Geraldine Brooks’ novel "People of the Book" reviewed in the Chicago Tribune

December 29, 2007

Journalist and writer Geraldine Brooks.

Photo by Randi Baird.

Courtesy of

A time-traveling novel that encapsulates a story of many religious people in one historical artifact, People of the Book mixes a modern story with clues from across six centuries to construct a multi-layered and compelling narrative of struggle and redemption.  A modern rare-book conservator traces the tale of the Sarajevo Haggadah, created in 14th century Spain and surviving the Spanish Inquisition, the Nazi occupation, and the war in Bosnia and Herzegovina.  In the course of her historical exploration of persecution mixed with religious tolerance, she makes important discoveries about her own past.

As Wendy Smith wrote in The Chicago Tribune:

Taking her title from the Arabic phrase that identifies Jews and Christians as believers in the same God worshiped by Muslims, Brooks gives "people of the book" a modern, secular meaning, paying tribute to those who cherish books as "artifact[s] of the human mind and hand," fragile bulwarks of knowledge erected against the destructive ignorance that forever threatens to engulf us in flames.

A native of Sydney, Australia, Brooks converted to Judaism when she married her husband American journalist Tony Horwitz in1984.  Graduating from Columbia University’s School of Journalism, she became a foreign correspondent for The Wall Street Journal, reporting on the Middle East, Africa, and the Balkans.  After writing two nonfiction books, her first novel Year of Wonders (2001) was set in England in 1666.  Her second novel March was awarded the Pulitzer Prize for fiction in 2006 and followed the father of the girls of Little Women through the American Civil War.  She has most recently published Caleb’s Crossing, a novel about the first Native American to graduate from Harvard College.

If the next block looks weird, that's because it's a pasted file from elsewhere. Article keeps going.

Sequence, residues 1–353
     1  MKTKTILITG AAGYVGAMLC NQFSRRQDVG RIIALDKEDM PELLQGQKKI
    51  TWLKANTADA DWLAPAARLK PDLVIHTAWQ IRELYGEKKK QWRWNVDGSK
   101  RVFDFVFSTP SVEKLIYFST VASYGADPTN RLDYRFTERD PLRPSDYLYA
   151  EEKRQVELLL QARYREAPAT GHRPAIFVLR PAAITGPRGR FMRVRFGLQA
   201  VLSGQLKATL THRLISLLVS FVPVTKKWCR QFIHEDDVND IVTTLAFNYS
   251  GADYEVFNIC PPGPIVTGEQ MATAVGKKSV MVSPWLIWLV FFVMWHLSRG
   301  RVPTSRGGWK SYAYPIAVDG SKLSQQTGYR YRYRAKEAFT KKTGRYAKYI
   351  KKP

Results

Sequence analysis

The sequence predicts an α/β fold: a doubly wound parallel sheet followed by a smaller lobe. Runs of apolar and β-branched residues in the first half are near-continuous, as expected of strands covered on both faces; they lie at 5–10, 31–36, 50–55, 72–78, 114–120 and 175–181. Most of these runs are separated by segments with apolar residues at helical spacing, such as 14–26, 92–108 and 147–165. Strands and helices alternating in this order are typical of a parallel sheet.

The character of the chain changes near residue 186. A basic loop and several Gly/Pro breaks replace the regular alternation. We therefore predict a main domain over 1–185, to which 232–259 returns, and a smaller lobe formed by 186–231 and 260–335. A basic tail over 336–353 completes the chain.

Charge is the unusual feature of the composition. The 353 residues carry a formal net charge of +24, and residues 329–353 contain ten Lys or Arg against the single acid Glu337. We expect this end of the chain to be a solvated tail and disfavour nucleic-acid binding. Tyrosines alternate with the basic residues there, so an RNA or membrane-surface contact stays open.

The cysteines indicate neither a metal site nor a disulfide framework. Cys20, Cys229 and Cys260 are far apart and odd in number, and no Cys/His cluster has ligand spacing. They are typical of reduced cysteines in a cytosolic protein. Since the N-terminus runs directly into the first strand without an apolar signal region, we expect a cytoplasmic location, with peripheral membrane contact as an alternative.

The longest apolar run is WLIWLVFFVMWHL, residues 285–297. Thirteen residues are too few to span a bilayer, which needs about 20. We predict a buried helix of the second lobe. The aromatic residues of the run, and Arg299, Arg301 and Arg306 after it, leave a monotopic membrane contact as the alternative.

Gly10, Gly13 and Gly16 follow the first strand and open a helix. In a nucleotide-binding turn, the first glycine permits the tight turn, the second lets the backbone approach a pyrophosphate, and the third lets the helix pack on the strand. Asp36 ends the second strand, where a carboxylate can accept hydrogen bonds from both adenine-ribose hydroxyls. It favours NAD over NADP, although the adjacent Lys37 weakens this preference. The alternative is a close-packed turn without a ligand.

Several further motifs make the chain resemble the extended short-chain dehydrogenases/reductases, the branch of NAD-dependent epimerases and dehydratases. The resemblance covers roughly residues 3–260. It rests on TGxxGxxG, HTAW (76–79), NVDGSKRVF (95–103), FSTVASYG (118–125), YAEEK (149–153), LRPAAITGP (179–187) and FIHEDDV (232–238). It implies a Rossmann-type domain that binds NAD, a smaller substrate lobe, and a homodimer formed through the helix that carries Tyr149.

Speaking about the survival of the Haggadah’s journey, Brooks wondered:

Why did this little book always find its protectors, when so many others did not?  It is interesting to me that the book was created in a period—Convivencia Spain—when diversity was tolerated, even somewhat celebrated, and that it found its way centuries later to a similar place, Sarajevo. So even when hateful forces arose in those societies and crushed the spirit of multi-ethnic, interfaith acceptance, there were those individuals who saw what was happening and acted to stop it in any way they could.

Sources: “Paging through history,” Chicago Tribune; “Plucky Charms,” Washington Post; Geraldine Brooks.


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